It's generally a good idea for most investors to consider including a Roth IRA in their overall retirement planning. Roth IRAs have the potential to grow tax-free, which may help you save more over time. Plus, withdrawals aren't mandatory during the lifetime of the original owner, and Roth IRA assets may pass to your heirs tax-free.
Determining if a Roth is right for you
Anyone can convert their eligible IRA assets to a Roth IRA regardless of income or marital status. Prior to 2010, only those account owners who had a modified adjusted gross income below $100,000 were eligible to convert.
Despite its advantages, Roth may not be the preferred option for all investors. There are three important factors—taxes, time, and costs—that you should consider before you decide if conversion is right for you. Fidelity's Roth Conversion FAQs can help you weigh these factors and get answers to important questions you may have. Be sure to consult with your tax advisor with regard to your personal circumstances.
To learn more about the differences between Roth and Traditional IRAs and get a quick overview of eligibility and features, use the Roth or Traditional IRA Contribution Evaluator.
It's also important to note that if you are required to take a minimum required distribution (MRD) in the year you convert to a Roth IRA, you must do so before converting.
Considerations for owners of Roth IRAs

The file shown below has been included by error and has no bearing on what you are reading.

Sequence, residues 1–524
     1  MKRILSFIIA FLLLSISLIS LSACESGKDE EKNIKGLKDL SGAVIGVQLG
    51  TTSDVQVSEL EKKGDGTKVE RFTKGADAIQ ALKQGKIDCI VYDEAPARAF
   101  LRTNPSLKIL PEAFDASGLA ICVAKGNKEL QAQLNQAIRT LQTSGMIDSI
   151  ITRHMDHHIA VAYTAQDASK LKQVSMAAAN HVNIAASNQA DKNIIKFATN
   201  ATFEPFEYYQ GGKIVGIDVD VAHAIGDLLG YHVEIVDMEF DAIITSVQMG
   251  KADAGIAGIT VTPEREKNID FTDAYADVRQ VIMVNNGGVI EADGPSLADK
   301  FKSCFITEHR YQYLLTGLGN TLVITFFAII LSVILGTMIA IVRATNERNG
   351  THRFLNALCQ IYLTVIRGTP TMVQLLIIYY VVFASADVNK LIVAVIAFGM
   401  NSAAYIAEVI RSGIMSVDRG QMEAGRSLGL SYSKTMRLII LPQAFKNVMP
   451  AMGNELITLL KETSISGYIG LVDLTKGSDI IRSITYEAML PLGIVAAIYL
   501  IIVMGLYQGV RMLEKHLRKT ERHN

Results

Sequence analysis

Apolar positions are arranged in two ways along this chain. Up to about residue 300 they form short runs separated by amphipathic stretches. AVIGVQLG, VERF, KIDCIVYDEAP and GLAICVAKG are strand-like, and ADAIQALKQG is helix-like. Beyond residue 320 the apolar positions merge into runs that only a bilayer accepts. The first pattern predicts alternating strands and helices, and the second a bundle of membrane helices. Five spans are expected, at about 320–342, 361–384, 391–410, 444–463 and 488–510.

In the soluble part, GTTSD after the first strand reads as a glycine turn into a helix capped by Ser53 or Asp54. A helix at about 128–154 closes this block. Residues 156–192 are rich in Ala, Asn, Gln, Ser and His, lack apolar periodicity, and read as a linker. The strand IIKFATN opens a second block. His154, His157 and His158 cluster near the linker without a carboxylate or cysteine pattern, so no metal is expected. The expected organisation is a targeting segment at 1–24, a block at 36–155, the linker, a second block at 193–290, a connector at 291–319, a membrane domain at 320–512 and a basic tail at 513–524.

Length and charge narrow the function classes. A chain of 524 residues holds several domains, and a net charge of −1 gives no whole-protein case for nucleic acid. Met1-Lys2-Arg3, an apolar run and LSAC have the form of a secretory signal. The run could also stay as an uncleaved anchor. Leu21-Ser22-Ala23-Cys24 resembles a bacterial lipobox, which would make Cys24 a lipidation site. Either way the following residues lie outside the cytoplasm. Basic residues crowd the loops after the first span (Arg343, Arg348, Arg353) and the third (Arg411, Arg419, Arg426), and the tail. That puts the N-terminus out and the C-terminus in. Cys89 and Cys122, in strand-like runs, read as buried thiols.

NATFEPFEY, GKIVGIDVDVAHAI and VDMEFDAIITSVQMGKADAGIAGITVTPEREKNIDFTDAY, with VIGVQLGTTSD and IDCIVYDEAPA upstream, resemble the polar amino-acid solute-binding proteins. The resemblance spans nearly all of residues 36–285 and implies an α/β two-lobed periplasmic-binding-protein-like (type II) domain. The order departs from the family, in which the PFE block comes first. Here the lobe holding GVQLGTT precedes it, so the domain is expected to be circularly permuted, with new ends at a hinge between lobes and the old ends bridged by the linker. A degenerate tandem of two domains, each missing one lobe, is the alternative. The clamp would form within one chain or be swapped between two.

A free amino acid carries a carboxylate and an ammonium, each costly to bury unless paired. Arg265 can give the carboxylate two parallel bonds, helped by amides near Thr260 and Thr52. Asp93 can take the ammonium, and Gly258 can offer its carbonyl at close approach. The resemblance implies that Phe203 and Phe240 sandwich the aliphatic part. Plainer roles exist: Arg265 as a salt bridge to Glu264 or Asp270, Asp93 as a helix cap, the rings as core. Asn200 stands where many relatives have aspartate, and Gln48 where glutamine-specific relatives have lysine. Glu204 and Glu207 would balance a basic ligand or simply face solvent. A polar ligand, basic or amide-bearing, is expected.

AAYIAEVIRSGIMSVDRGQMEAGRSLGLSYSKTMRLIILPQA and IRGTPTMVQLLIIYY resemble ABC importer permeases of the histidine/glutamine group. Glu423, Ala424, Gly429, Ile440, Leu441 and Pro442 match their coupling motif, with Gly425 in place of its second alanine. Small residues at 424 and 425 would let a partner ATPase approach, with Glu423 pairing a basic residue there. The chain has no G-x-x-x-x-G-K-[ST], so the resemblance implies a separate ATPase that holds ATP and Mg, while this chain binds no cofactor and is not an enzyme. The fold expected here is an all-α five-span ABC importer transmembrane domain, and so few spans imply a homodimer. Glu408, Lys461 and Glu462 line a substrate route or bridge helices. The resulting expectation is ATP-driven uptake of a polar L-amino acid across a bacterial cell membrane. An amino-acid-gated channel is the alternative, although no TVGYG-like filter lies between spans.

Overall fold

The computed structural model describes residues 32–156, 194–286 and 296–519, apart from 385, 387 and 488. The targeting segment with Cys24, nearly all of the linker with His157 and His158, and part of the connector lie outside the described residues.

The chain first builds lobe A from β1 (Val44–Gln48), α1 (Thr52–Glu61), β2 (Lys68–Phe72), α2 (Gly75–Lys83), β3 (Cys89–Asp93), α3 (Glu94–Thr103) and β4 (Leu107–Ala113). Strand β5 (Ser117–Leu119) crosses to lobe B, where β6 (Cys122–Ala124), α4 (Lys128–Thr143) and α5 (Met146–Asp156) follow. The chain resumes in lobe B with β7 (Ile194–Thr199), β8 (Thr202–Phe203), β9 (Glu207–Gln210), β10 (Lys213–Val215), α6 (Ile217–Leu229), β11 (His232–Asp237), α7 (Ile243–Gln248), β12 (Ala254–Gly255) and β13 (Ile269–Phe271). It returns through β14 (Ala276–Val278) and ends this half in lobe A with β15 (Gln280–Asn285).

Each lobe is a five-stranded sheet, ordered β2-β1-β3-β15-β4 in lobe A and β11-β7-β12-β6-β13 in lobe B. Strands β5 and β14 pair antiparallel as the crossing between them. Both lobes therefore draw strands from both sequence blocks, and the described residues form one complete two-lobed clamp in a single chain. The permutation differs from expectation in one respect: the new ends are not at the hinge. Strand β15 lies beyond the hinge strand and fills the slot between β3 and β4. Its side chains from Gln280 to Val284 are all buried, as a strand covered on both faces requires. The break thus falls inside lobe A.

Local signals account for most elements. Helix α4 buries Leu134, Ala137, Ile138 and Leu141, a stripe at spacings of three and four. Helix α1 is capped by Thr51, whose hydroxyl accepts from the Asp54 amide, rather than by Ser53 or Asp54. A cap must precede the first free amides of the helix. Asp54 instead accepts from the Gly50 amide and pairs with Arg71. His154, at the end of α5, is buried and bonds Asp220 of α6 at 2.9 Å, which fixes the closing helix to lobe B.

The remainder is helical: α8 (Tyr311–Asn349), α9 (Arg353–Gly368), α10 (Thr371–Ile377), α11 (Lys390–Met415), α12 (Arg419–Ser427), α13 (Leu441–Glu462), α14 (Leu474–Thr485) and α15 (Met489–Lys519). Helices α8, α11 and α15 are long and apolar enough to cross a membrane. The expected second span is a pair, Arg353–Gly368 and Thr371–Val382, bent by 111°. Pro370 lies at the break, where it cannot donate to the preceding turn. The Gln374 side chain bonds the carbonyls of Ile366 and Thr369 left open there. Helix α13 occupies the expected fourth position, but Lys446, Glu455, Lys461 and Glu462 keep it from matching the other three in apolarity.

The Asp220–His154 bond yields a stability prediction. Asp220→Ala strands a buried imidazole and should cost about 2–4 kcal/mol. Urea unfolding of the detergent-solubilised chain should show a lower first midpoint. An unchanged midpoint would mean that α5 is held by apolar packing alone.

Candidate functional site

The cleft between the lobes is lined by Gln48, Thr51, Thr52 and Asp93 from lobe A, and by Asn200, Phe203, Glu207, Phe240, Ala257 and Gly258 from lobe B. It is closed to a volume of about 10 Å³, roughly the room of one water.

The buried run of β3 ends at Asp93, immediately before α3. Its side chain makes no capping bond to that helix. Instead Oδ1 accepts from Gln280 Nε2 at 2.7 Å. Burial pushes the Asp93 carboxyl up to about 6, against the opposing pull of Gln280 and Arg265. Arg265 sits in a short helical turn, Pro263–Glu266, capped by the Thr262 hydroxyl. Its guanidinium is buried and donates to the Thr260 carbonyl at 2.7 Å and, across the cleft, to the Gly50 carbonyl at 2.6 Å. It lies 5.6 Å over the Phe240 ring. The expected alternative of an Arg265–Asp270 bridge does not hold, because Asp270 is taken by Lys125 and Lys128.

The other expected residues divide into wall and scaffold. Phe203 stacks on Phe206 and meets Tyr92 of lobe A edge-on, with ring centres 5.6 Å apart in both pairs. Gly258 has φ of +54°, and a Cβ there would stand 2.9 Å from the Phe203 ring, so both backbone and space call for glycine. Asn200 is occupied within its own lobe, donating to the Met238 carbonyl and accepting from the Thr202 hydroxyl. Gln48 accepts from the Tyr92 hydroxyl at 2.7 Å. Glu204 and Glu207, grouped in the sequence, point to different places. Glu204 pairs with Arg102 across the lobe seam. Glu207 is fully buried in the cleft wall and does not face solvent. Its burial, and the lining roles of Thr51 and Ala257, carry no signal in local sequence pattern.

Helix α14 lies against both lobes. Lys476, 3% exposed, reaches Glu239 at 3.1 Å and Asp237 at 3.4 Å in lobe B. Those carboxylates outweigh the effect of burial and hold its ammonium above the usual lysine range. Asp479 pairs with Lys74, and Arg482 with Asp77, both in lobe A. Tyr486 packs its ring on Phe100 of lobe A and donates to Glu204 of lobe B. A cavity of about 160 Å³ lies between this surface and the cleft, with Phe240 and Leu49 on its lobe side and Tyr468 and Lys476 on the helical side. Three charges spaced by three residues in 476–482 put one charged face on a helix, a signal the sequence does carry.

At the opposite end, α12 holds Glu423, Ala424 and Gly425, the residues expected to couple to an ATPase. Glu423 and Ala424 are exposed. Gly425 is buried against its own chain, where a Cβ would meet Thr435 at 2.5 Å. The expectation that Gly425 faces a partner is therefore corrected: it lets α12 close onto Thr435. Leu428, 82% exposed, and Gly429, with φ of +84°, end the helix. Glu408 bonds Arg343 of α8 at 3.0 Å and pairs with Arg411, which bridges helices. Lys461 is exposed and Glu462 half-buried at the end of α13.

Generally, converted assets in the Roth IRA must remain there for at least five years to avoid penalties and taxes. Distributions from a Roth IRA are tax-free and penalty-free provided that the five-year aging requirement has been satisfied and at least one of the following conditions has been met:
- You reach age 59½
- You pass away
- You become disabled
- You make a qualified first-time home purchase
MRDs are not required during the lifetime of the original owner of a Roth IRA. MRD amounts are not eligible to be converted to a Roth IRA.
Rolling a 401(k) directly into a Roth IRA
If you qualify, you can do an eligible rollover distribution from your old 401(k) directly to a Roth IRA. You'll owe taxes on the amount of pretax assets you roll over.
Note also, if you have assets in a Designated Roth Account (i.e., Roth 401(k)) and would like to roll these to an IRA, the assets must be rolled into a Roth IRA.
As with Traditional IRA conversions to Roth IRAs, if you are required to take an MRD in the year you roll over into an IRA, you must take it before rolling over your assets.
Converting back to a Traditional IRA
Should you wish to convert your Roth IRA back to a Traditional IRA, the process is known as recharacterization. The deadline to recharacterize Roth IRA conversion contributions to a Traditional IRA is generally October 15 if you file your federal income tax return (or file for an extension) on time.
If you have recently recharacterized your account, those assets cannot be reconverted back to a Roth IRA before the later of:
- The beginning of the calendar year following the calendar year of conversion.
- The end of the 30-day period beginning on the day of the recharacterization.
Consult your tax advisor to determine your eligibility to complete a recharacterization or a reconversion.